Marring on burn cuts

Can anyone offer any advice on either cleaning these or preventing them all together? These pics are uncovered burns but it happens even on covered ones. This is on 1/8 pine from home Depot. Cutting at full power on non-pro at 120 speed.


I don’t know the basic settings so much but that seems pretty slow for cutting 1/8” pine. You’re getting the flashback because you’re blowing through the material and it’s hitting the honeycomb with a lot of power left.

Sounds like some experimentation is in order to nail your settings down right.

I’m going to bump this over to the #beyond-the-manual section since it’s non-Proofgrade material, and support won’t be able to help you with those settings.


Personally, I’d say it’s med-Proofgrade poplar. Change it to manual to see what the settings are and use that as a baseline.

1 Like

I’ve done some experimenting with this. I’ve gone from 150 speed 3 passes to 120 speed 1 pass. Otherwise it wouldn’t cut through. I’ll try it again tomorrow around 125 speed and see how it goes.

Is that just solid pine? Not plywood?

The default settings for poplar and other medium hardwoods looks to be about 210/Full for the pro. The pro has more power but you shouldn’t have to drop the speed that much, I wouldn’t think.

On the Pro, that’s 46 inches a minute. Your setting of 120 is about 11.5 inches per minute.

Are you inputting the material height into the unknown box? Autofocus should still kick in there though and focus ok.

Is the material warped?

Are you in need of a cleaning?

If you have cleaned, are you sure the lens was put back in the right way?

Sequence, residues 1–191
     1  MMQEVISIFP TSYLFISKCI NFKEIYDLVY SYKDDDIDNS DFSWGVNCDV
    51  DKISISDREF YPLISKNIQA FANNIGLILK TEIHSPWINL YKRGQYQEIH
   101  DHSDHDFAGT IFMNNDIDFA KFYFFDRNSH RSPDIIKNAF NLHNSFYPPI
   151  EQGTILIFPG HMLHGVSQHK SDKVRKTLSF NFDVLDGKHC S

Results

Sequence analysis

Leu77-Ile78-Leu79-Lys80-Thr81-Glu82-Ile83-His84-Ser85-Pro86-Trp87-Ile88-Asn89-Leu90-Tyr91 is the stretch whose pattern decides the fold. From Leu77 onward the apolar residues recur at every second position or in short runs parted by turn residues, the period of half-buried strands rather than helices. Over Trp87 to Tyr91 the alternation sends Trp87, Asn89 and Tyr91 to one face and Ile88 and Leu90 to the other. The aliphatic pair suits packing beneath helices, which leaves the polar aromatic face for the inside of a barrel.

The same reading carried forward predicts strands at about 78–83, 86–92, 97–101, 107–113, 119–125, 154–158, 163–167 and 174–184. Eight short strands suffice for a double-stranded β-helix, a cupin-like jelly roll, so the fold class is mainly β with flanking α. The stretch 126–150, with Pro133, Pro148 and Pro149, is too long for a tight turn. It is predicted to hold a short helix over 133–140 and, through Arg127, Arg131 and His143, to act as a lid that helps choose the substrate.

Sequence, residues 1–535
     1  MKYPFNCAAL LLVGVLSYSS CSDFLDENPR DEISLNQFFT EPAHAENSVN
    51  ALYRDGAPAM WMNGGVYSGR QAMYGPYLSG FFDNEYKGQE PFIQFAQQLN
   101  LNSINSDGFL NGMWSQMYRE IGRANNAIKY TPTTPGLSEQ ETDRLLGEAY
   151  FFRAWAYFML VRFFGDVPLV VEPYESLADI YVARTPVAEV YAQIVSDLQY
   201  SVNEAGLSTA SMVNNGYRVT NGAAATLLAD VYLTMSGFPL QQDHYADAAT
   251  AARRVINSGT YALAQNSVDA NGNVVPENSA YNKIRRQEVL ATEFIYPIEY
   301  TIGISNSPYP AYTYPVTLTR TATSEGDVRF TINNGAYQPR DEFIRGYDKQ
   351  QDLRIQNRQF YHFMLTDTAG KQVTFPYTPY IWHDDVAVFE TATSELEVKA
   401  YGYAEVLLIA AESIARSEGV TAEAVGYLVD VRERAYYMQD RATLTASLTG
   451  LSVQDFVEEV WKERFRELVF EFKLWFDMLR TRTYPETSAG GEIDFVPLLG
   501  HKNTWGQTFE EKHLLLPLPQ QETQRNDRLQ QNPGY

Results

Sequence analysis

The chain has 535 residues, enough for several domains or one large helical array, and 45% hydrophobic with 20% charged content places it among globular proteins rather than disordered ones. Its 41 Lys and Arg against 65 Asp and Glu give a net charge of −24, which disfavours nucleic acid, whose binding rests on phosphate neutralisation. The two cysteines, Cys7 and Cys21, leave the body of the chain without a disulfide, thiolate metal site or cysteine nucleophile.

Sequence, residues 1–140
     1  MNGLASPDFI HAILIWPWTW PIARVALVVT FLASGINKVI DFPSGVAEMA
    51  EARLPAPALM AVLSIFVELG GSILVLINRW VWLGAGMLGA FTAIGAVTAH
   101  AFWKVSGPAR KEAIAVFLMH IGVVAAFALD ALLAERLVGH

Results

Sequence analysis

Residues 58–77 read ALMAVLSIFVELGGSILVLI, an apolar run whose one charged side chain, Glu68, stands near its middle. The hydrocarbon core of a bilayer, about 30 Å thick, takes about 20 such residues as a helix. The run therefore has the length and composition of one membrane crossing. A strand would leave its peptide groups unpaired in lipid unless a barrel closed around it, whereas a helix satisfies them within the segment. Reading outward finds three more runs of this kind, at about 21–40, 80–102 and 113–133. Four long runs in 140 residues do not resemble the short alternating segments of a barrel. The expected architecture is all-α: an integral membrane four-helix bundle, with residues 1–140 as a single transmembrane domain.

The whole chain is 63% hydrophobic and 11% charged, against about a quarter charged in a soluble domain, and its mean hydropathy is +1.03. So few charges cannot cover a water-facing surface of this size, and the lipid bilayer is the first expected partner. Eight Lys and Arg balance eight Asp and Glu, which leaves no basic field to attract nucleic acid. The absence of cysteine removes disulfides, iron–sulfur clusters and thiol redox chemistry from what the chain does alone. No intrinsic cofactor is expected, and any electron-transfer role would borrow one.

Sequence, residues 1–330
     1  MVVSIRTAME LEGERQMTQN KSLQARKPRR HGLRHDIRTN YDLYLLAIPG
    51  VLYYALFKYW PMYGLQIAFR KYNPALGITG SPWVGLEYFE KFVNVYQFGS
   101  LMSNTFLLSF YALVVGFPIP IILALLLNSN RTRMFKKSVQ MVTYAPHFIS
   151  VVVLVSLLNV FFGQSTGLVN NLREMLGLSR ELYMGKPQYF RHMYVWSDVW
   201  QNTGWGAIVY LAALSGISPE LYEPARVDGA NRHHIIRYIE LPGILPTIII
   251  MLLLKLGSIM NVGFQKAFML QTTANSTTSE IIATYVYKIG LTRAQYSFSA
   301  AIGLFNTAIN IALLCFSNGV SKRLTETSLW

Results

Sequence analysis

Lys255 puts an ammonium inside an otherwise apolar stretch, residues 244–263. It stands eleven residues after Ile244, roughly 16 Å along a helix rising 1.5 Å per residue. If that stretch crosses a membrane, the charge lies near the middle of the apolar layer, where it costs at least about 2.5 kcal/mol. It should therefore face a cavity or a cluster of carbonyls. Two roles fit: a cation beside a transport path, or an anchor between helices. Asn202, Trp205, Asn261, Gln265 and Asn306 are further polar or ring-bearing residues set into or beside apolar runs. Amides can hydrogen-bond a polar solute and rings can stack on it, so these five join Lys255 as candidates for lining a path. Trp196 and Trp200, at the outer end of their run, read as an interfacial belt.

If you have cleaned before, did you cut this material before you had cleaned - or only after?


No matter the setting, do yourself a favor and test on small simple designs like a square. Go through a half dozen tests to find the best setting.


There’s no pine available in the GF store, nor in the Inventables materials store, which has much more selection. There might be a good reason for that.

Suggest trying a small piece of the “problem” design on a piece of poplar or other hardwood.

My guess is the speed is too slow. The longer it stays on the wood the more it burns. Also some pine has resin or tar and that can affect the burn issue too. Testing is the key, since different wood reacts to the laser differently. You use full power for cutting, so try increasing the speed to 145 or 150 for a start to see if it cuts all the way through with less burnt edges.

1 Like

Another important thing is the filler and glue in the plywood. I have found some plywood from Home Depot and Lowe’s just will not cut! I wasted a lot of wood in the beginning due to poor plywood. The hobby plywood at craft stores usually works. My local lumber company had a special Baltic birch ply that is for boats and airplane that is wonderful. You might also order online from Laser Jumstart and the wood Gallery. Other laser vendors sell wood and acrylic too. Note that Laser Jump start is not really ply it is a wood product, but it is cheaper and cuts wonderfully. They will send you free samples to try too.

1 Like

He’s not cutting plywood.

You’re right on the resins, that’s why I pointed out that pine is uncommon material for laser work. I can’t imagine how gummed up the optics would get from the vapor that creates!


FWIW - I found this stuff on Amazon:

Set it for medium proofgrade maple ply and it cuts / scores / engraves perfectly.

Now that doesn’t answer your question, but I have been cutting some 1/4" Poplar lately for a few wood working projects and haven’t had this problem. I ran a series of tests at different power, and I think 2 passes at 75% power gave me the best result (I don’t remember speed, but it was low-ish, probably 175). I didn’t want excessive burn on the edges or blow back like you’ve seen.

1 Like